Governor Robert W. Straub's Administration

Summary of Records

The records of Governor Robert W. Straub consist of correspondence, press releases, speeches, natural resource records, and executive power records. These records date from when he was elected in 1974, until Governor Atiyeh was sworn in in 1979, and they represent events occurring in Oregon at that time and the Governor's role in them.

The records of the office of governor are a collection of different sub-offices and advisory groups. The office that is most in direct contact is the ombudsman's office. The correspondence of this office includes letters from citizens offering suggestions on problems such as how to finance schools, and questions requesting the opinions of the Governor.

One of the Governor's many jobs is to propose legislation to the Legislative Assembly and then see it through to become law. Much of Governor Straub's proposed legislation can be found in his administrative correspondence. Since much of the legislation proposed by Governor Straub dealt with the environment more proposed legislation can be found in the Natural Resource Files.

Another task of the governor is as the chief law enforcement officer. With the power from this position comes the ability to parole and pardon criminals. Governor Straub took this power very seriously and while paroling or pardoning more convicts than any previous governor, took care to review each case and have very thorough investigations made of each request before making a decision. This process is well documented in the series titled Executive Clemency Records. The governor must make all of Oregon's extradition requests and the Extradition Files provide insight into how and why the governor allows extraditions to take place.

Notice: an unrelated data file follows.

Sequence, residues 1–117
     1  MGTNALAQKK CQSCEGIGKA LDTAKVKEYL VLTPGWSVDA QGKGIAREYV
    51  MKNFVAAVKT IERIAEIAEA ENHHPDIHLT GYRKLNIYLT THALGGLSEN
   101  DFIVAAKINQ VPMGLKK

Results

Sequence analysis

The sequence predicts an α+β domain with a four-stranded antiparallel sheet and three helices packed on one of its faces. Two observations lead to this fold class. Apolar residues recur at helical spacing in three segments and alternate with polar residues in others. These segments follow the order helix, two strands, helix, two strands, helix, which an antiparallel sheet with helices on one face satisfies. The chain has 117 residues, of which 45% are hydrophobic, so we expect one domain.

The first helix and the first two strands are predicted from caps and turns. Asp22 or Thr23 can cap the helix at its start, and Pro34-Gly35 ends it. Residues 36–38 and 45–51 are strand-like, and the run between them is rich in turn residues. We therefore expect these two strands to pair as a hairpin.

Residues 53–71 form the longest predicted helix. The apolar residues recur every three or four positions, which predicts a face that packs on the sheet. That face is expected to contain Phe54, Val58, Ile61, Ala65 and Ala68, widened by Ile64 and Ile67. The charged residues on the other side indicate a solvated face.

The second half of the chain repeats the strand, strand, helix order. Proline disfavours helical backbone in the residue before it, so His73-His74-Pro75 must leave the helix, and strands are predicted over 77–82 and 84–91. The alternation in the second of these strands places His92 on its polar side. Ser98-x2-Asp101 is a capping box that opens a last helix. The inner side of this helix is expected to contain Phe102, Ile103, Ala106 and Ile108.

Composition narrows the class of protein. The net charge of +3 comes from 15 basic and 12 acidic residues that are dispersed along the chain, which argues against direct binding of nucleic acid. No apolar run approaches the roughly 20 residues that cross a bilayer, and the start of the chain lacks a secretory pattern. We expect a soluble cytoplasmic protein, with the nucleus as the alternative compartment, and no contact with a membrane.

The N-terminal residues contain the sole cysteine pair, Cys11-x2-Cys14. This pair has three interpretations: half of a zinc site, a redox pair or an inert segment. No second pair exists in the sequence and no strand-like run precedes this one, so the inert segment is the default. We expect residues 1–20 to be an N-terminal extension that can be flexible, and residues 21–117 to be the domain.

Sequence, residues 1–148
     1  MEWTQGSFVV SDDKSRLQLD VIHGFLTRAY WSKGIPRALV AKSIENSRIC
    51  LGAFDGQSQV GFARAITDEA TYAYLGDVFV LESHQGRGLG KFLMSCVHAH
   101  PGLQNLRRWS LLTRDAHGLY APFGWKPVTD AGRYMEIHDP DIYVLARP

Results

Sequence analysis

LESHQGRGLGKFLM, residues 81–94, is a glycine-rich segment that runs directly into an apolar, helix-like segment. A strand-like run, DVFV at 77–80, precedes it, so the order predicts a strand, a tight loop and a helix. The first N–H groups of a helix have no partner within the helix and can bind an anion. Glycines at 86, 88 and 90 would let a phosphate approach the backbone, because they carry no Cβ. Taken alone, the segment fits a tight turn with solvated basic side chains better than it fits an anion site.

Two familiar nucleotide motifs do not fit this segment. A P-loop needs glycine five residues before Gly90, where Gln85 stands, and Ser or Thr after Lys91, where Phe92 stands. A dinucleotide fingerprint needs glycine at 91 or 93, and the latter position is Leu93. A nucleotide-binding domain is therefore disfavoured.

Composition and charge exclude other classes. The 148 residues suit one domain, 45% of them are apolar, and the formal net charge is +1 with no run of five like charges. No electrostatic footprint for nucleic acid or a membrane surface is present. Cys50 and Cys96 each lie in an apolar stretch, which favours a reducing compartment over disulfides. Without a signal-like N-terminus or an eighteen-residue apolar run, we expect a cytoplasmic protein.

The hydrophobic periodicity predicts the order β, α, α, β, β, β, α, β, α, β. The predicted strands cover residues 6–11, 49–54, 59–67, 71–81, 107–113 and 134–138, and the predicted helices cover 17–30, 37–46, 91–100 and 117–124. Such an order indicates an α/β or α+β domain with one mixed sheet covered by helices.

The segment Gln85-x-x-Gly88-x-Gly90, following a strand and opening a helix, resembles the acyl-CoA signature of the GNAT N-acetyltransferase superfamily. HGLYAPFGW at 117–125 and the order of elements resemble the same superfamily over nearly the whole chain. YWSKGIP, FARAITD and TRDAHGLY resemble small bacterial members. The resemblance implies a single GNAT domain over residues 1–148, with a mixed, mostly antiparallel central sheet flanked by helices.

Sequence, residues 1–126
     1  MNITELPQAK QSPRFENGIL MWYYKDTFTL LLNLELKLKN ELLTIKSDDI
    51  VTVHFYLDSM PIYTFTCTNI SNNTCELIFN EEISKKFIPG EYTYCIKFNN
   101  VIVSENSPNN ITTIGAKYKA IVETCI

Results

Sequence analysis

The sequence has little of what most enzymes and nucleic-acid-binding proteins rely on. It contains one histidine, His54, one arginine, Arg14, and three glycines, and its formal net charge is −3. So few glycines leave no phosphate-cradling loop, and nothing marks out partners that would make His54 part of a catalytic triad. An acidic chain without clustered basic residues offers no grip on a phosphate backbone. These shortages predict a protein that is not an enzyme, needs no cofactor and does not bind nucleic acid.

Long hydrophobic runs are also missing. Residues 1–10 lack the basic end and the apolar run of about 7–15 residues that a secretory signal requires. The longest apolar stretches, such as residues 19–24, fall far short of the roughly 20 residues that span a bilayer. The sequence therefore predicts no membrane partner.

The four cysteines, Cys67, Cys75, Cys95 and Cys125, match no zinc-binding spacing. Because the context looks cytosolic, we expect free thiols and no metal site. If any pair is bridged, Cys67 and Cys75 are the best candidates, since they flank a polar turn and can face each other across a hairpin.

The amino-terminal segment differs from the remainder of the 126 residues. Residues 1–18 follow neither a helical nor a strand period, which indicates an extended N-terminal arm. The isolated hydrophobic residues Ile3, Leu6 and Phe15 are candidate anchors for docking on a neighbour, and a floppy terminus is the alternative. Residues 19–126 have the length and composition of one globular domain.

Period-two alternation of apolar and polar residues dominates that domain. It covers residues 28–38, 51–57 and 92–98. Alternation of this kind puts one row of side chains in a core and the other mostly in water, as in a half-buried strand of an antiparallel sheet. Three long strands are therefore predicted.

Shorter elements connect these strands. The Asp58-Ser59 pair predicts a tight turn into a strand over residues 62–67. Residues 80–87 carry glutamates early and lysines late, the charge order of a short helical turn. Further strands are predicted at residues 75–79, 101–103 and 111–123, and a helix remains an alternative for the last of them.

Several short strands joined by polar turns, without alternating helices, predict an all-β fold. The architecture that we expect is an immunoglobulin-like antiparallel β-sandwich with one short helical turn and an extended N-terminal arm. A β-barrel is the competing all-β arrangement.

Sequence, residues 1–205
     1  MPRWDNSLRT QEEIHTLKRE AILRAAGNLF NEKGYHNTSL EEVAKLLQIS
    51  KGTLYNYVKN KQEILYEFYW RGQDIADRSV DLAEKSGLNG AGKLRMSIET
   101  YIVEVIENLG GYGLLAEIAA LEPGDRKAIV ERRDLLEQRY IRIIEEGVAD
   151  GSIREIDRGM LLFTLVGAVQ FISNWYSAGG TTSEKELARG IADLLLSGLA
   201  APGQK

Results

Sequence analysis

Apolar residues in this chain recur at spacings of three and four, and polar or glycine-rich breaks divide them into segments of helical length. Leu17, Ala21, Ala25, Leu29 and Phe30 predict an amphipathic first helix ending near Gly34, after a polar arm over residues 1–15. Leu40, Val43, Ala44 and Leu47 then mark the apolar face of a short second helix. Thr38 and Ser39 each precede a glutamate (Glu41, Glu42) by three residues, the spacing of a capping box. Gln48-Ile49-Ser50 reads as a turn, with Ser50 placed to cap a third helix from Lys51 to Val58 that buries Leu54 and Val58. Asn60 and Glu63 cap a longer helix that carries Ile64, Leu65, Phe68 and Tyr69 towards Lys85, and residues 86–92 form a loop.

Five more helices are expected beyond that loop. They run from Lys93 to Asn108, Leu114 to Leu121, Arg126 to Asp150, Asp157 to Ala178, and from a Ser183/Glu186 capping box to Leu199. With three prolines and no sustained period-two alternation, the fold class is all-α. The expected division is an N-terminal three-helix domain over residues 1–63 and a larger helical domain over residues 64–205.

Governor Straub established several task forces which discussed the role of women and minorities in Oregon. Among the task forces created were ones that focused on sexual preference, migrant workers, and youth labor. He also required all state agencies to conform their hiring practices to those mandated by Affirmative Action so that the agencies would have proportional representation of every minority. Great steps were taken by Straub to achieve minority equality. Discrimination cases still appeared and some documentation of them exists in the Governor's records, however, Straub's emphasis was on finding ways to prevent complaints.

The records of Governor Straub also reflect issues affecting the rest of the country and the world. These include President Nixon's resignation, the oil and energy crises, and drought conditions in the western United States.

State Archives • 800 Summer St. NE • Salem, OR 97310

Phone: 503-373-0701 • Fax: 503-378-4118 • reference.archives@state.or.us